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The dust is finally settling on the storm that was kicked off in South Africa by a controversial painting of President Jacob Zuma with his genitals exposed.
The country that boasts one of the most liberal constitutions in the world and the only one on the African continent with a constitutional provision that protects and defends the rights of gays and lesbians , had its values put up to the test after an artist ruffled feathers by a painting that questioned the moral values of the ruling African National Congress .
For weeks, the storm ignited by the painting called ‘The Spear’, raged on, sucking in Goodman Gallery that displayed it and City Press, a weekly newspaper that had published it on its website. The matter eventually found its way into the corridors of justice, where the ruling ANC sought redress against the two institutions. The party also mobilised its supporters to stage protests outside the courtroom when the case it filed came up for hearing. They also matched to the gallery and called for a boycott of City Press , regarded as one of the country’s most authoritative newspapers.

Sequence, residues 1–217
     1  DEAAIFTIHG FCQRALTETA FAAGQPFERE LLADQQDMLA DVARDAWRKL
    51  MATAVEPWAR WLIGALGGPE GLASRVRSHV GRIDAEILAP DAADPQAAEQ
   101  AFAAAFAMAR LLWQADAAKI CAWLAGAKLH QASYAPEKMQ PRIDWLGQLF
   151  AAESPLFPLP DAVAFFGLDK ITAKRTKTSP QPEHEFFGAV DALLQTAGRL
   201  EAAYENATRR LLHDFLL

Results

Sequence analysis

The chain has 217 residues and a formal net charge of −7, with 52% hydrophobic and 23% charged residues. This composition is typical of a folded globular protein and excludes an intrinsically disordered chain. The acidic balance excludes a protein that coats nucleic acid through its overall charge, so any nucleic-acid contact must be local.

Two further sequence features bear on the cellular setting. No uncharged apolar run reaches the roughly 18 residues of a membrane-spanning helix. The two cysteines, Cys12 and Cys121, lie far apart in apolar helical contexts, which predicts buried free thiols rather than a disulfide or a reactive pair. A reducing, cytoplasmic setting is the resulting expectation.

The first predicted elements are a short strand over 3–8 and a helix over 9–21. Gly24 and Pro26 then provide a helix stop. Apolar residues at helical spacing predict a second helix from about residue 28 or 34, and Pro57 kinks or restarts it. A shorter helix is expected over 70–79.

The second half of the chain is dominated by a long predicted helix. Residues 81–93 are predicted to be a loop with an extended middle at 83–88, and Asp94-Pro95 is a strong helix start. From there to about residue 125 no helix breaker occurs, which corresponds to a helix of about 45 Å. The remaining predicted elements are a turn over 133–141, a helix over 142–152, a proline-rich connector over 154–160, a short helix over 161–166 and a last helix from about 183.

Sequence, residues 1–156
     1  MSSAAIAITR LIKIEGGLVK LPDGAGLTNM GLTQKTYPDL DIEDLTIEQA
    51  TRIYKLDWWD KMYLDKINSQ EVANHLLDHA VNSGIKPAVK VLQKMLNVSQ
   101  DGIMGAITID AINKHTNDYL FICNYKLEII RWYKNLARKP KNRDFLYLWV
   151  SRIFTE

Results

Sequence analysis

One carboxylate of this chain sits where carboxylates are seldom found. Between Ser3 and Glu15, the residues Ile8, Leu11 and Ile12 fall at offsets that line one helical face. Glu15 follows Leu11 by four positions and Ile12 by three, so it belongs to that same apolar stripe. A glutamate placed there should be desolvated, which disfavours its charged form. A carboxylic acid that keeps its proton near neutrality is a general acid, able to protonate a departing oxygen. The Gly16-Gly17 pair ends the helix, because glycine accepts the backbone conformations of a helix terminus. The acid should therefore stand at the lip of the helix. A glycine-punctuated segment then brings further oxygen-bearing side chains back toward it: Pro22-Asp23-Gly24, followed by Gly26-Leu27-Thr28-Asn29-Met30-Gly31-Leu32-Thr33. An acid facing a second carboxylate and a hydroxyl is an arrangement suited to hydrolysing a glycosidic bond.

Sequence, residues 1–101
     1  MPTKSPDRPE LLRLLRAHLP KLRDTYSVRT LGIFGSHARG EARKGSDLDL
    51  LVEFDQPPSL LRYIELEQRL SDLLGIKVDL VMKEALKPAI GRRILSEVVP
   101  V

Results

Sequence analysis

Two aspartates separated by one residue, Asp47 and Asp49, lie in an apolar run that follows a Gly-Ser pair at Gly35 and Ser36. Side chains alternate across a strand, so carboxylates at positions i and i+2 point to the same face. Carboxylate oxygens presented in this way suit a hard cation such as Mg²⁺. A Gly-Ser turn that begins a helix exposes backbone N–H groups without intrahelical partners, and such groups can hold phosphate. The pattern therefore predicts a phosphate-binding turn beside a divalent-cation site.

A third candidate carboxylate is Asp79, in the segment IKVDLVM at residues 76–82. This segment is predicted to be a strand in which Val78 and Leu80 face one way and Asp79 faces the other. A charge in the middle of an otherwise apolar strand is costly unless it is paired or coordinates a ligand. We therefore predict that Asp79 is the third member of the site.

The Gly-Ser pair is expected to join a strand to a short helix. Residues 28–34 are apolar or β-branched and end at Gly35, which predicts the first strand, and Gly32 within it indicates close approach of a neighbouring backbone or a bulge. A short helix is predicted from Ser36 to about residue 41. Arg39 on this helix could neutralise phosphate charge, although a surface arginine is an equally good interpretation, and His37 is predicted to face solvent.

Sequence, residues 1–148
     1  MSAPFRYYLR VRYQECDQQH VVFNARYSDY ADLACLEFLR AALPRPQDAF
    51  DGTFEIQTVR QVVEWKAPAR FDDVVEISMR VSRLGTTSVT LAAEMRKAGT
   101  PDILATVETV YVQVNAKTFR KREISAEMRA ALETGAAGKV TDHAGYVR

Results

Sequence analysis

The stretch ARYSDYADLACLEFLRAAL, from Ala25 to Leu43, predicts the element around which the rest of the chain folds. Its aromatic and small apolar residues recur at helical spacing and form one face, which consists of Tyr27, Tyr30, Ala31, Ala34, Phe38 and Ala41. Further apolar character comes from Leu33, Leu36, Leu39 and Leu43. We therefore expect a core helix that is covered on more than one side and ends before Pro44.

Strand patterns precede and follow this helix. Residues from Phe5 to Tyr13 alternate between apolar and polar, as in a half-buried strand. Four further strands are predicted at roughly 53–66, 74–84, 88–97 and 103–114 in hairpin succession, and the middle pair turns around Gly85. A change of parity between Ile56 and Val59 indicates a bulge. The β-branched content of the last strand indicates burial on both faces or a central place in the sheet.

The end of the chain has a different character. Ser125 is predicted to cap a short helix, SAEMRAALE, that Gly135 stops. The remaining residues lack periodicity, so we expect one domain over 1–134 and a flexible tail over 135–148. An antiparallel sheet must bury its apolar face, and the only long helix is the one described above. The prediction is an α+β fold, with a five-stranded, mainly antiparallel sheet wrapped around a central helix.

The controversy has cooled down now that the newspaper has removed the artwork from its website, the gallery pulled it down after it was defaced. The ANC has withdrawn its lawsuit.
Throughout this drama, one issue that came up frequently in the huge debate that it kicked off, was the issue of artistic licence, specifically in Africa.
“We say No to abuse of artistic expression”, a placard screamed during one of the protests called by the ANC outside a court in Johannesburg after a case the ruling party had filed came up for hearing.
In other parts of Africa novelists such as Ngugi wa Thiong’o of Kenya, playwright Wole Soyinka of Nigeria, and poet Jack Mapanje of Malawi have been locked up in the past for their critical writings.
Where does much of Africa stand when it comes to artists challenging the ethos by which much of the continent is guided?. What role should art play in African society? Can art be used in modern Africa to correct ills of society?. What of African playwrights and novelists who have been thrown behind bars for too much scrutiny of national governments.